US Air Force Zaps Drones in Laser Test

air-force-zaps-drones-in-laser-test
In a recent series of tests at the Naval Air Warfare Center, China Lake, Calif., a trailer-mounted laser was able to knock five unmanned aircraft out of the sky.

The demo, sponsored by the Air Force Research Laboratory, was a test of the Mobile Active Targeting Resource for Integrated eXperiments (MATRIX), an experimental system developed by Boeing Directed Energy Systems. According to a company news release, the test showed the ability to take down a hostile unmanned aircraft with a “relatively low laser power” weapon. According to AFRL, MATRIX uses a two and a half kilowatt-class high energy laser.

While ballistic missile defense may get all of the press, some homeland-security experts worry about a more low-tech threat: drone technology. Bill Baker, chief scientist of the Air Force Research Laboratory’s Directed Energy Directorate, said in a statement that the shootdowns “validate the use of directed energy to negate potential hostile threats against the homeland.”

It’s not clear, exactly, how the lasers shot down the drones: Whether they disrupted the aircraft controls, or burned a big hole in them. (An AFRL news release said the drones were “acquired, tracked and negated at significant ranges” but offered few additional details.)

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Boeing: We zapped a UAV with a laser


There’s still a lot of blue sky in Boeing’s plans for directed-energy weapons like the Laser Avenger. (Credit: Boeing)

Updated 2:40 p.m. with details on how the laser damaged the UAV and on the Laser Avenger’s targeting system.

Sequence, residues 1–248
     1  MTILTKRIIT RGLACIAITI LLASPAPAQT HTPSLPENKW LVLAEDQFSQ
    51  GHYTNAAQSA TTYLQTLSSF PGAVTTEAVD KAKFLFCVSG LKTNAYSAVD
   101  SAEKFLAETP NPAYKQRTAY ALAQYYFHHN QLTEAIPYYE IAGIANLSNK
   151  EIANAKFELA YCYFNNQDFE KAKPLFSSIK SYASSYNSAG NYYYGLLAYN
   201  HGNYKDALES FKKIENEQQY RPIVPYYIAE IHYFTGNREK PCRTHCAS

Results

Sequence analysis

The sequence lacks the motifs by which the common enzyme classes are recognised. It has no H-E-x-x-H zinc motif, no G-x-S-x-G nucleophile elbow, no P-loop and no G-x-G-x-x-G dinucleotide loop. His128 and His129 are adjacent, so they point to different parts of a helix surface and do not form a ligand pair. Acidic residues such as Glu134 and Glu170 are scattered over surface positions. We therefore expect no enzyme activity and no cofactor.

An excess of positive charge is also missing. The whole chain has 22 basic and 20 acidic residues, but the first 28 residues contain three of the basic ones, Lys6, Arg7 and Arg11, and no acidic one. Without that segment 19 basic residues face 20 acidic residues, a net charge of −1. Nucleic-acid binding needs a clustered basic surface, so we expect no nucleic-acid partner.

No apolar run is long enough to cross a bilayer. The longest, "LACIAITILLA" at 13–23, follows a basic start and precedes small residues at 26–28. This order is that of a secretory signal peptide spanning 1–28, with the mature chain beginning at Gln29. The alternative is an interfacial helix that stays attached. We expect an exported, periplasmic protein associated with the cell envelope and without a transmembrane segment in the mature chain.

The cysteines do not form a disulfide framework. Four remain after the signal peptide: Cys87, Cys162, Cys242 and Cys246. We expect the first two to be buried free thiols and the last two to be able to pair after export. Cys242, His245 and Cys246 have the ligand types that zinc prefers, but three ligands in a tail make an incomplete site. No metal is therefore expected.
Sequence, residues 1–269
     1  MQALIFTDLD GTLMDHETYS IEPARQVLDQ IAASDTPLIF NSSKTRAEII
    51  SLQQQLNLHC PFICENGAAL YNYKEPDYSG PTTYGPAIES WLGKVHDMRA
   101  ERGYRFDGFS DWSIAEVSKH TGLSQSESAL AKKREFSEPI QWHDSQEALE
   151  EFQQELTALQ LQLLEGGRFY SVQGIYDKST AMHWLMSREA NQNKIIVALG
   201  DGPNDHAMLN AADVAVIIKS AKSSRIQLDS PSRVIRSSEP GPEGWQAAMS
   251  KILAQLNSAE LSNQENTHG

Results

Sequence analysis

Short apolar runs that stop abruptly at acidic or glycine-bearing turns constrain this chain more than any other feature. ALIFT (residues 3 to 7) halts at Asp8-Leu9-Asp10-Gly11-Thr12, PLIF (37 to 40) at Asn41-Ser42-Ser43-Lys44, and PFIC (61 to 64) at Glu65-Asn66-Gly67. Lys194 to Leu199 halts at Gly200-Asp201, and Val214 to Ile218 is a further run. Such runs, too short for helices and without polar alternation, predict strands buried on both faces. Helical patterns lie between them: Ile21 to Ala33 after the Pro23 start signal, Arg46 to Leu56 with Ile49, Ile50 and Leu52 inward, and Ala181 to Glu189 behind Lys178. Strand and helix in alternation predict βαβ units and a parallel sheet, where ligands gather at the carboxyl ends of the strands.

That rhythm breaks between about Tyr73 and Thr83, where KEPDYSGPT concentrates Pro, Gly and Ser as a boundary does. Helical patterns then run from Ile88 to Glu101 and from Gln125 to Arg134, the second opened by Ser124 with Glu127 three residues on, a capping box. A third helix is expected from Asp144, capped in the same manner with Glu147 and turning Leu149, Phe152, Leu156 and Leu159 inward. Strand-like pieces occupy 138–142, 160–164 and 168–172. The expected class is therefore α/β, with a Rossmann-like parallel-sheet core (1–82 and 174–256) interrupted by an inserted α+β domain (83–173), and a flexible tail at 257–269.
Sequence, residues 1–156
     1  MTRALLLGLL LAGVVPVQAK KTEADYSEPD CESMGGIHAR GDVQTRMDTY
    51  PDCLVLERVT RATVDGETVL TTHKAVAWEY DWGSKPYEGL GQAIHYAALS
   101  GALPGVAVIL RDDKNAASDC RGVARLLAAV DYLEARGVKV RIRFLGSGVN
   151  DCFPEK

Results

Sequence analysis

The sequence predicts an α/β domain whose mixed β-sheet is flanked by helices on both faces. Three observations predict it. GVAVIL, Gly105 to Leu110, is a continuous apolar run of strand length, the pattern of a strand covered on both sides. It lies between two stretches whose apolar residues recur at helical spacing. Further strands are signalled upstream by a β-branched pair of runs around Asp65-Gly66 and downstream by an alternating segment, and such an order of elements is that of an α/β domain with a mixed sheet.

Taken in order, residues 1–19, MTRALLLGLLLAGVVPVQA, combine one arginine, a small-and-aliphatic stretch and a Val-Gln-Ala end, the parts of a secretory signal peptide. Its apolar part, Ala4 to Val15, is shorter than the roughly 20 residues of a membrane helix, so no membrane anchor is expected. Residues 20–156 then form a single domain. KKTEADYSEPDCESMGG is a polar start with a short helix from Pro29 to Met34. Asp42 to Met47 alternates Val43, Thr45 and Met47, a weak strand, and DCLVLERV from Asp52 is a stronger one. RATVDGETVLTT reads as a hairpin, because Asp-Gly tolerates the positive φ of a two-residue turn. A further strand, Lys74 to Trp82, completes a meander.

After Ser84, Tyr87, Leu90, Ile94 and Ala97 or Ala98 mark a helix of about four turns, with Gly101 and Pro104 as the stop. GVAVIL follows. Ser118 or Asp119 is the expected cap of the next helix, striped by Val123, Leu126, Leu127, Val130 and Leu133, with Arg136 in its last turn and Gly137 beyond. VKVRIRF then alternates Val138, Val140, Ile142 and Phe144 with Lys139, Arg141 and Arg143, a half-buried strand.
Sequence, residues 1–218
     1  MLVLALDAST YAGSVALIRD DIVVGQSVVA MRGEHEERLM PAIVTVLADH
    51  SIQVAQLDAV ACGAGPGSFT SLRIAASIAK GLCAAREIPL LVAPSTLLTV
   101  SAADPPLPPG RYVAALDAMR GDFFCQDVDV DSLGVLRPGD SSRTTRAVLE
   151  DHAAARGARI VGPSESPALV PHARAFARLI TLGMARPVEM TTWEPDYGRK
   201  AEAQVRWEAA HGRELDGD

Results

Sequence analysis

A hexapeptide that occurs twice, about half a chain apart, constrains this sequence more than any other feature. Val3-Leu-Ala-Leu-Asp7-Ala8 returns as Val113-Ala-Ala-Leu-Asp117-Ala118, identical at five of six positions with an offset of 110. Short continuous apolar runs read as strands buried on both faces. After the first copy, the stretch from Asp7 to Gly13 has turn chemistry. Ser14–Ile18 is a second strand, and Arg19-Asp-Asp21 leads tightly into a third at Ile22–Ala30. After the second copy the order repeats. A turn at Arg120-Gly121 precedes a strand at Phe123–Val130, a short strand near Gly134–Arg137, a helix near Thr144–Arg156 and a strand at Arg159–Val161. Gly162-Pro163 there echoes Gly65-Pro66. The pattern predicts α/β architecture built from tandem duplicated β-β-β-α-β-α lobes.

Boeing is seeing a glimmer of progress in its work toward fielding laser weapons.

The defense industry giant on Monday said tests of its Laser Avenger system in December marked “the first time a combat vehicle has used a laser to shoot down a UAV,” or unmanned aerial vehicle. In the testing, the Humvee-mounted Laser Avenger located and tracked three small UAVs in flight over the White Sands Missile Range in New Mexico and knocked one of the drone aircraft out of the sky.

Boeing didn’t go into much detail about the shoot-down. In response to a query by CNET News, it did say this much about the strike by the the kilowatt-class laser: “A hole was burned in a critical flight control element of the UAV, rendering the aircraft unflyable.”

While decades of Hollywood imagery may conjure up a vision of a target disintegrating in a sparkle of light, the actual workings of the laser beam are probably more prosaic. For instance, the beam from Boeing’s much, much larger Airborne Laser, which is intended to disable long-range missiles in flight, uses heat to create a weak spot on the skin of the missile, causing it to rupture in flight. Boeing hopes to conduct the first aerial shoot-down test with the much-delayed 747-based Airborne Laser later this year.

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Video: Air Force’s Killer Bugbots Attack

The U.S. military has been working for a while on tiny, buglike drones – to serve as miniature flying spies, Defense Department robot-makers say.

But this video, from the Air Force Research Laboratory, shows that the military is also interested in turning these “Micro Air Vehicles,” or MAVs, into biomorphic weapons that can lie in secret for weeks at a time – and then strike an adversary with lethal accuracy.

“Individual MAVs may perform direct-attack missions,” says the video’s gravelly voiced narrator. “They can be equipped with incapacitation chemicals, combustible payloads or even explosives for precision-targeting capability.”